Now days, ADR had become a global necessity and an integral segment of practice as part of the efforts to reduce pendency of cases. It is flexible, peaceful, informal, less time consuming and cheap to yield win-win situation for both parties. The judicial dispute resolution mechanism in the country has come under a great stress for pendency of about 2.2 million suits and lack of judges.

ADR, access to justice and the concept of rule of law are not incompatible rather consistent bearing same spirit and attaining peace and harmony among the people and society to heal the wounds of undue delay in justice delivery system as well turning conflict into collaboration.

Many countries in conformity with own local conditions have so far introduced and practiced various forms of ADR in all cases including environmental ones in the format of Environmental Dispute Resolution (EDR) or Environmental Conflict Resolution (ECR) with stupendous success. The use of such mechanisms has been used extensively in the US and Canada for several decades starting in the 1970s. In case of Australia it started in early 1990s but blossomed very rapidly. Ultimately, the dominating regime of ADR in USA started after the specialized Alternative Dispute Resolution Act (ADR) of 1998.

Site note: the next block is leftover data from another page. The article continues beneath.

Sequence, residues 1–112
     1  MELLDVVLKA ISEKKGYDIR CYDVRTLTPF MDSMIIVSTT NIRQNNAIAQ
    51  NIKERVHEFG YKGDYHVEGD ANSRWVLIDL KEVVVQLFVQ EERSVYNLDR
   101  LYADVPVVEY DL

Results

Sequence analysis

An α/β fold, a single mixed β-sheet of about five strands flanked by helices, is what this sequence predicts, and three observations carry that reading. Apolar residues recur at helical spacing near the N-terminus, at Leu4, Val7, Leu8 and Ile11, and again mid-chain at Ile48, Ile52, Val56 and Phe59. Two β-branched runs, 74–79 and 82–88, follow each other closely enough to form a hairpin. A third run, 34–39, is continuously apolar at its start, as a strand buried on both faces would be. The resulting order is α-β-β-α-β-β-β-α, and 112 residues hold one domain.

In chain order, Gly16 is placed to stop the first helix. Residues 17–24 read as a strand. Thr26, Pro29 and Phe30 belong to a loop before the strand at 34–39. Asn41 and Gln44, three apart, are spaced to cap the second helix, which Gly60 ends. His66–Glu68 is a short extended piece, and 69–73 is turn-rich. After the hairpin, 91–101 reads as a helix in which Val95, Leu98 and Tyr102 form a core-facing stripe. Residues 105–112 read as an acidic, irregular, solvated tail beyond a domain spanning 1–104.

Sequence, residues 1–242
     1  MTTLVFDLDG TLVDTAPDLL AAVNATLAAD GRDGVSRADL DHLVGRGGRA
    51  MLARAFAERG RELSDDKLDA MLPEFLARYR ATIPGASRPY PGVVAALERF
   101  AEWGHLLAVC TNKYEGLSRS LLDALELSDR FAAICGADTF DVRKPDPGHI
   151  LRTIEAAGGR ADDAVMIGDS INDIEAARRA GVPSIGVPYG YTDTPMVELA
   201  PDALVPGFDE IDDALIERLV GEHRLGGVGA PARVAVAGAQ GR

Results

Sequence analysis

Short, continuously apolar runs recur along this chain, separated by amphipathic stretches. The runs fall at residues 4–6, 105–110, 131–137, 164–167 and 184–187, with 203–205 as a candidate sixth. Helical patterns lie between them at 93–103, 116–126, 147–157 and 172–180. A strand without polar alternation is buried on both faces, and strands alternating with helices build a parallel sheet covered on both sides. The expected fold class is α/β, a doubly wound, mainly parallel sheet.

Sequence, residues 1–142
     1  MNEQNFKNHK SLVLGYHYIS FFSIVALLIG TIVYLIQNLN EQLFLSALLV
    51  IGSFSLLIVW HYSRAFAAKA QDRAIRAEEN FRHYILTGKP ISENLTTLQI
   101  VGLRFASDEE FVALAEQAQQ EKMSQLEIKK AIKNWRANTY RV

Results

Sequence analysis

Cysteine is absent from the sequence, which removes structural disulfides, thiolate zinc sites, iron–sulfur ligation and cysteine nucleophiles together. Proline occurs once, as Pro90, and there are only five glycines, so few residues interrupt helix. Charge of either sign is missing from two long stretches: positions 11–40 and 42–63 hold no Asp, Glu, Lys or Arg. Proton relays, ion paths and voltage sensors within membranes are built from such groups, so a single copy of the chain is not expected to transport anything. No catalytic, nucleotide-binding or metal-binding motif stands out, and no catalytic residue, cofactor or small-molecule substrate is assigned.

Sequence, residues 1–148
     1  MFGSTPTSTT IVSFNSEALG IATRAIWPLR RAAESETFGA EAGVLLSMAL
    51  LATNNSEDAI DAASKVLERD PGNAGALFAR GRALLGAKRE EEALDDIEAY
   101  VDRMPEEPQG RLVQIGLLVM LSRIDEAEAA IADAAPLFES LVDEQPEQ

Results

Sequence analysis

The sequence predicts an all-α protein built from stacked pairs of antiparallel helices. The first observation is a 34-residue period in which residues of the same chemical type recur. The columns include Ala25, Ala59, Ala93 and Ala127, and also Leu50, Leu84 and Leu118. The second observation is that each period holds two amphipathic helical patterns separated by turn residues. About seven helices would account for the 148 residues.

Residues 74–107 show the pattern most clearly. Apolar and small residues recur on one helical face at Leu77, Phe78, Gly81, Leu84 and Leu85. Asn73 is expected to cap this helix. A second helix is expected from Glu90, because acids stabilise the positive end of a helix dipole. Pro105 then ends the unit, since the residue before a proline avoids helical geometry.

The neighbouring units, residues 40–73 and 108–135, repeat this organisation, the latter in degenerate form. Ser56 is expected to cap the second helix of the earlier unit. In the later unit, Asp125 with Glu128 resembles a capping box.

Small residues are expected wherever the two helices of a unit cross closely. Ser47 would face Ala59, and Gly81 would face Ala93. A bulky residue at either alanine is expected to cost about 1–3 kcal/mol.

In USA and Canada, around 80% to 90% civil cases are resolved at pre-trial stage through ADR. In Germany, the history of environmental mediation started a little earlier in 1980s whereas in UK, Australia and New Zealand ADR in the civil justice system including environmental issues got a momentum during 1990s.

In South Africa, environmental mediation in South Africa was initiated under the National Environmental Management Act, in 1998 but in India, Pakistan, Sri Lanka and Nepal are without direct provision of ADR or EDR.        

The recent Law Commission Recommendation Report underscored the need for expanding the purview of ADR in both civil and criminal cases with adoption of National ADR Policy along with a training institute for the same. However, lawyers, judges and litigants in Bangladesh and their mindsets are dead against ADR and especially lawyers consider ADR as a big blow to their legal profession. There are no specific guidelines regarding fees of mediators, conciliators or arbitrators triggering the lawyers to take their hard stand favouring litigation.